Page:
Now, let's take a look at, indeed, the real growth which is defined by, and you have guessed it already, industrial and agricultural fields primarily--the fact denial of which is in the foundation of not only lousy, to put it mildly Western forecasts and "intelligence" on Russia, but also in the foundation of, say, American delusion about true size and capability of own economy. Here is a verified data (from Russia herself) on manufacturing following a dip in January 2019.

This is what really defines an actual state of economy and while still represented in monetary (Ruble) units one requires a serious review of overall industrial and agricultural development to have a real feel of economic trends. Yes, there are issues with stagnating wages, yes, there are also issues with poverty, but that is precisely a leftover from monetary policies which kept inflation in check while Russia remains under the unprecedented economic sanctions. And here Cohen makes a huge mistake, Russia's presidential elections were not about electing just President, they were about electing a Commander in Chief first and foremost. One has to keep in mind this crucial distinction.

2. Putin's ratings do not decline, in fact, they remain steady and high when the question of "do you approve of President's work" is asked.
Opinions of American pollsters are not welcomed--they are as fake as US main stream news organizations. In fact, as I stated not for once, most of information on Russia circulating today in the West, unless in is obtained and explained by serious intelligence-analytical organizations (and even then...), is basically a trash. Data provided by Russian media and statistical institutions, even by officially registered as "Foreign Agent" Levada Center (most of Russian "business" media should be also registered as such) proved to be much more reliable and truthful. In terms of identifying short and long trends, for sure.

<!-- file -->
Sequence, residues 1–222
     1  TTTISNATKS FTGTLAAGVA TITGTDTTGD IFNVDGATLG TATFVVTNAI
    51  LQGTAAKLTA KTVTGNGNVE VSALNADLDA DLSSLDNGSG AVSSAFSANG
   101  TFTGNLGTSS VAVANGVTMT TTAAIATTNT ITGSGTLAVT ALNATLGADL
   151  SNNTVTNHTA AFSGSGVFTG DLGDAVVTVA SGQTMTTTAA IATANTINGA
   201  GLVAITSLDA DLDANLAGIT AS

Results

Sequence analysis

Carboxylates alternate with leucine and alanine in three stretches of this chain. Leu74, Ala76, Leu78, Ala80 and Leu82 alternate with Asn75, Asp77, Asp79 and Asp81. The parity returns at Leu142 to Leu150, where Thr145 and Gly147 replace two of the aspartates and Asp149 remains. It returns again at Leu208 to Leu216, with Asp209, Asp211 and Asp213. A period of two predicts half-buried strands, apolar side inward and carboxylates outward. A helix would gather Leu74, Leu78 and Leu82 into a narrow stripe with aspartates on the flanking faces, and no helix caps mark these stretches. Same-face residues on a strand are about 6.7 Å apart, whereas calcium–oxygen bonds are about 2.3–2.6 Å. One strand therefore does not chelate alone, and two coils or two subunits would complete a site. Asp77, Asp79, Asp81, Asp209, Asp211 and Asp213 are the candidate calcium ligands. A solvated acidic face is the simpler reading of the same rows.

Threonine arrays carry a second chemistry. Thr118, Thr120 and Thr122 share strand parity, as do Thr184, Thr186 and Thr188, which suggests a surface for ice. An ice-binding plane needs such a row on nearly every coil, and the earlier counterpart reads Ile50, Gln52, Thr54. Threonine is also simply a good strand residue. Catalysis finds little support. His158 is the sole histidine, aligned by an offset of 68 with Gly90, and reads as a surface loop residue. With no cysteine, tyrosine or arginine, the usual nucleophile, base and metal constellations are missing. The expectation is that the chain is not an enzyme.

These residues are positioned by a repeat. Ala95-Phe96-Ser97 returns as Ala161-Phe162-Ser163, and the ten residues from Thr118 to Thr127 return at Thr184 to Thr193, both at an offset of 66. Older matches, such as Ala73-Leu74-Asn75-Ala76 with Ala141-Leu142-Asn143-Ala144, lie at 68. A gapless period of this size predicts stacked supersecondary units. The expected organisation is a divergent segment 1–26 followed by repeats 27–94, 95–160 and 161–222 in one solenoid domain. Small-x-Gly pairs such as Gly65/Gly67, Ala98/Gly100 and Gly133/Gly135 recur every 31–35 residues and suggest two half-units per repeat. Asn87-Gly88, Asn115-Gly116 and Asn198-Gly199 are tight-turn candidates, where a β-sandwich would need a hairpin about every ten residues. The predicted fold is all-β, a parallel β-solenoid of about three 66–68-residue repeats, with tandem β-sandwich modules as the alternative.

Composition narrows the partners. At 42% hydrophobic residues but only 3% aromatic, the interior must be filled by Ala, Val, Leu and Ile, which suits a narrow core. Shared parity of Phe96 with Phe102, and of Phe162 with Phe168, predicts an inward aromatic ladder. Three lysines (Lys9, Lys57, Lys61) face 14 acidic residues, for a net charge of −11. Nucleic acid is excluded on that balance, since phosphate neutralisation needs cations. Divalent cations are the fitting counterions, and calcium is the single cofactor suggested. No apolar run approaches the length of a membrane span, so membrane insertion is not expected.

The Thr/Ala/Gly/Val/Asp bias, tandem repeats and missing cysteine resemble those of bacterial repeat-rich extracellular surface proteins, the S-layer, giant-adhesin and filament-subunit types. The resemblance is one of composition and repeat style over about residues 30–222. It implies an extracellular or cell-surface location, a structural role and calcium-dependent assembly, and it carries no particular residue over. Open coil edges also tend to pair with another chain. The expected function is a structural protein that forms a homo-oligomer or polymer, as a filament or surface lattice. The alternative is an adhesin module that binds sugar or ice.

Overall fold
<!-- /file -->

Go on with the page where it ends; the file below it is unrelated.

3. In this case I also don't get the significance of Cohen elaborating on supposedly "breaking out" of a TWO DECADE+ long discussion between Kurdrin and Glaziev. What's so significant about this massive public discussion in Russia, which is represented widely in media, between Western monetarists and Keynesian-leaning economists? While this discussion, which is not even a news, continues, Russian state returned under own control more than 70 percent of strategic industries and most resources. So, what's so significant about Kudrin saying something? Everybody in Russia knows what he is going to say, but instead of wasting time on his beaten to death arguments, one should really pay attention to how Russia ignored recent Davos forum and why SPIEF grows in global importance. I do understand frustration of "advanced" liberal Russian office plankton and hipster hamsters with Putin, after all they have huge opinion about their very mediocre abilities, but their "protestations" have little effect on a massive shift of Russia away form liberal policies. Russia has money today, it is just the decision on how to open this stream into economy without dis-balancing fairly well-established financial indices, is not made yet.